I don’t need to state the obvious, but I will none-the-less.  We couldn’t even see our own family.  We were restricted to our homes basically.  Like you, we felt the isolation as a deep pain in our soul.  Just so you know.  Not seeing my grandchildren is the worst.  April and I even celebrated an anniversary during the pandemic but honestly it got overshadowed because we weren’t able to get away to honor the day.

Another low has been conducting funerals during the pandemic.  I’m used to grieving with families whose hearts are broken in the death of a loved one.  I’ve been organizing and leading funerals for a very long time.  But this has been unique.  There has been another traumatic layer of sadness added to the burden of loss.  I thought last week that I was not going to be able to hold it together long enough to help a family through their extreme grief.

Add to an already low time, the crisis within a pandemic and your heart can sink to levels you didn’t know were possible.  The darkest realities in our world have added to the low that most of us already feel. 

There are many other lows.   But there’s been highs too.

When the pandemic began, our family gathered online numerous times during the week to connect and to pray.  Although Facetime and Messenger and Zoom (etc.) has been a hidden blessing, it sure isn’t the same. 

I had the privilege of conducting a wedding during the COVID-19 crisis.  It wasn’t what the couple had been hoping for but it was still amazing.  With family looking on from the patio and watching via the internet from as far away as Idaho, the captivating and compelling love of Jesus Christ for His earthly bride once again beautifully highlighted in the exchange of sacred vows to “love and hold dear until death shall separate us.”  It gave me goosebumps!

Probably my greatest high was this past Sunday.  The church sponsored a drive through drop and greet.  It was two hours of bliss for us as pastor and wife.  We saw the church show its true colors once again.  It was a combined event of donations for the Eden Food Bank and a chance to say hi to each other from behind a mask while slowly driving through the church property.  We collected 460 bags and boxes of food items, or 5,650 pounds of food.  THANK-YOU church family and YEAH for Eden Food Bank.  But the high for April and me was to see your face and be closer than we have been allowed to be for three months.  I’m still flying high from it all.  Have a look on the church website and Facebook page for some of the great pictures of the event.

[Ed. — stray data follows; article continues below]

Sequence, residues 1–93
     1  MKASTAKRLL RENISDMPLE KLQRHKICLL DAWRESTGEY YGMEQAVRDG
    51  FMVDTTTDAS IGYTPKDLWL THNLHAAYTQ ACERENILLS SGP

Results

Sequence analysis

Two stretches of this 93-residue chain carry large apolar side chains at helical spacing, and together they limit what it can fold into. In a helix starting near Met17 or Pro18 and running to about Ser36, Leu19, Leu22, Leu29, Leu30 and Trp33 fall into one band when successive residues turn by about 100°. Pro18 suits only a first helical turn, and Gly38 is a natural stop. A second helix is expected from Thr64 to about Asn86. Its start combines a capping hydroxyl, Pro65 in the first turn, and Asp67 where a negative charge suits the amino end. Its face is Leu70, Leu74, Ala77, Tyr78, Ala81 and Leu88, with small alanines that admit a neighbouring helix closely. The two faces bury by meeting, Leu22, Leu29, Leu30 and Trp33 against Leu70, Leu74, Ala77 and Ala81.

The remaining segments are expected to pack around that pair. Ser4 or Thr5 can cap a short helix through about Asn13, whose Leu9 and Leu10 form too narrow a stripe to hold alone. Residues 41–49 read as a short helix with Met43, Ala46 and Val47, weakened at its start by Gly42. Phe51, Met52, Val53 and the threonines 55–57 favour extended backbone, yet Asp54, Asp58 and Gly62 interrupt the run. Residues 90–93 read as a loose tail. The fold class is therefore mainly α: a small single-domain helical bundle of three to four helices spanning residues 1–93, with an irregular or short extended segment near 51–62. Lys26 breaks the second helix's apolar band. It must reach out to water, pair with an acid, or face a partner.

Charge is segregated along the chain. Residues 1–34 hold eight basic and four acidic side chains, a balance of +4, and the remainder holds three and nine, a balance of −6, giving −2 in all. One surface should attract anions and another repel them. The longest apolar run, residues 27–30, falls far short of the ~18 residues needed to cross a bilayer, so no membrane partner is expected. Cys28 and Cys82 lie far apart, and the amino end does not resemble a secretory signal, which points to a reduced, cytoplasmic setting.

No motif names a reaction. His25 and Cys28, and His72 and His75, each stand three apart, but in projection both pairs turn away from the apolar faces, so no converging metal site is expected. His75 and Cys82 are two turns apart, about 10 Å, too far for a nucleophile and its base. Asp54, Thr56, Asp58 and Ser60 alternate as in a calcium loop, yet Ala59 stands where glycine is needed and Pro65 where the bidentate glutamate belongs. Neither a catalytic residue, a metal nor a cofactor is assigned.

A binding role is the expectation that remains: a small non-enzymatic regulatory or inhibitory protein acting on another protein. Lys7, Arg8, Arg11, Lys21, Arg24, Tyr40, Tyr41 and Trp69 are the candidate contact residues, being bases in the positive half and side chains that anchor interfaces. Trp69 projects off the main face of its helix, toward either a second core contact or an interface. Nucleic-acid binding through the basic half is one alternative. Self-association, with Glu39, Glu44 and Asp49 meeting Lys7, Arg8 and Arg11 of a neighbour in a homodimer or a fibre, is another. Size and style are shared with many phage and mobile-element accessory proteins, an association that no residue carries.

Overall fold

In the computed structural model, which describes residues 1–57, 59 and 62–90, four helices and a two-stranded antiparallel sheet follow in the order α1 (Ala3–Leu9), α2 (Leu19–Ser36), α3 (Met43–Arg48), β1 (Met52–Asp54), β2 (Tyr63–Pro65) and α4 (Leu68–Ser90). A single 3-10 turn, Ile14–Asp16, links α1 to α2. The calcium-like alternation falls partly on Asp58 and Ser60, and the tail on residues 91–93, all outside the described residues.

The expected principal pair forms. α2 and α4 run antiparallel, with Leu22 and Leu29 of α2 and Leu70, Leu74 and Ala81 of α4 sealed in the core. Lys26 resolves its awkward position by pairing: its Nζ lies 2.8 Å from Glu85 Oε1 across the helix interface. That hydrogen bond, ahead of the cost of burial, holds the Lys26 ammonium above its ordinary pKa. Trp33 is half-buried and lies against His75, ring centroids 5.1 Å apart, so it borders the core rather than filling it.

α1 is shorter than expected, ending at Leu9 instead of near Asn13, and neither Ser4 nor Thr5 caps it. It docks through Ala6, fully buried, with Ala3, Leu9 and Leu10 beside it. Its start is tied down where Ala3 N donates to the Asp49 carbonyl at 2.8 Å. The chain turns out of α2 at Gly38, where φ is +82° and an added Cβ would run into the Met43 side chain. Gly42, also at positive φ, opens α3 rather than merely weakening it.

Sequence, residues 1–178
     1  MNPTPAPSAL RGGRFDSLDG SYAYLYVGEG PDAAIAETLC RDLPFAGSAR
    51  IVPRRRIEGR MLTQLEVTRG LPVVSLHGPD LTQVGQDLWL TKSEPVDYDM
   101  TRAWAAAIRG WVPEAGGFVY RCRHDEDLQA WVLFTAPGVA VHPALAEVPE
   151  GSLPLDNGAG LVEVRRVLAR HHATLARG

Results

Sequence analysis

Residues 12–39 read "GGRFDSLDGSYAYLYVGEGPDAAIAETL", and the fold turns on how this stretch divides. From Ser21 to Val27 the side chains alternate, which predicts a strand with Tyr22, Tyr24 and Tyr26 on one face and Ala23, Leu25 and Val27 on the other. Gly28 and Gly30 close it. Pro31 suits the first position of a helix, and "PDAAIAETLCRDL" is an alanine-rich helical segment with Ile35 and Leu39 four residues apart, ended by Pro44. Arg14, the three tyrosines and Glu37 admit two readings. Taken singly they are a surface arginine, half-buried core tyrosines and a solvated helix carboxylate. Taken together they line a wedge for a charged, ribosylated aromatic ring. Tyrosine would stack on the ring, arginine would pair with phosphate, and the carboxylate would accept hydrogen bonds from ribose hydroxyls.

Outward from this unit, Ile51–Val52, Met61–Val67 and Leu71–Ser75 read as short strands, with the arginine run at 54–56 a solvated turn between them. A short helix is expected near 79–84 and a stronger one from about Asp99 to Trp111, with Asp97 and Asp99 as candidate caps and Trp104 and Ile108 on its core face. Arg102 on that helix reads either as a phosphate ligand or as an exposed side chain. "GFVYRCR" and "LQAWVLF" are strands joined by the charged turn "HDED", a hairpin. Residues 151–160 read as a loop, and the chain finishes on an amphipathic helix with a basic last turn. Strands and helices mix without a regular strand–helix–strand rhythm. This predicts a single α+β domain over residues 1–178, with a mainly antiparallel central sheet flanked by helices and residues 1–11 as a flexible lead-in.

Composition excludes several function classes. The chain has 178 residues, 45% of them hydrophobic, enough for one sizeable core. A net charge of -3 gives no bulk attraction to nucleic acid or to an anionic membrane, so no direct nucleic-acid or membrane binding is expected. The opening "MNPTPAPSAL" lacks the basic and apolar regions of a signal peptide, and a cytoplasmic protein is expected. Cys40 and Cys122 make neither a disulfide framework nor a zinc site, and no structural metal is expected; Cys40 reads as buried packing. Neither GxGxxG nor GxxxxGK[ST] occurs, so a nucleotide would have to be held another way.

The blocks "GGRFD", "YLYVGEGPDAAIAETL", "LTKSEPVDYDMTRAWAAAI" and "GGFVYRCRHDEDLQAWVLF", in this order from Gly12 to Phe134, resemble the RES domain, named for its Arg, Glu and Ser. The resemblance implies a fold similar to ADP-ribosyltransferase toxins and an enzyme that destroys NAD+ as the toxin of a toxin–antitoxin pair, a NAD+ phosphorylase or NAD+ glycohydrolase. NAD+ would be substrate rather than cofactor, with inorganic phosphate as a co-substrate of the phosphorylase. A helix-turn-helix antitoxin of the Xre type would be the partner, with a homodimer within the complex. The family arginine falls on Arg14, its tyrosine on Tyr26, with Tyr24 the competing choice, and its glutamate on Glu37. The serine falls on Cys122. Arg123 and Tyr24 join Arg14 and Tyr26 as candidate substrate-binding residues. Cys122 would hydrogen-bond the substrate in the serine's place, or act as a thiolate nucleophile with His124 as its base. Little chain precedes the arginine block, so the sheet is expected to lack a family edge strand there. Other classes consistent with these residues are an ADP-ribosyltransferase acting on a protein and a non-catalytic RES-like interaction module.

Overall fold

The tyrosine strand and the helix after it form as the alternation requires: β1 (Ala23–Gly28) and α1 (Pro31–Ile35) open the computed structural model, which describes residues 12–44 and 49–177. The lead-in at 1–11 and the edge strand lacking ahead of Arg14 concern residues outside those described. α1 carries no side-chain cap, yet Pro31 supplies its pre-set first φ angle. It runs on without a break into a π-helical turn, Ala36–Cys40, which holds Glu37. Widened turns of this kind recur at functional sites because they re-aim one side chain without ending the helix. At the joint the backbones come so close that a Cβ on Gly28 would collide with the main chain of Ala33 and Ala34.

Another high for me has been the preaching of an unplanned teaching series simply called “Shalom.”  God’s Word is the hope and strength for born-again Christians.  And He is called the “God of Peace” numerous times in the Bible.  One of the earliest benedictions in the Bible includes the blessing of “shalom” (Numbers 6).  It’s been a high for me to park on this idea every week to remind you that God’s presence is with you and brings you shalom, peace. 

So in the end, life is filled with highs and lows.  But through it all He never leaves us nor forsakes us.  And His presence is all the shalom you need. 

Pastor Deric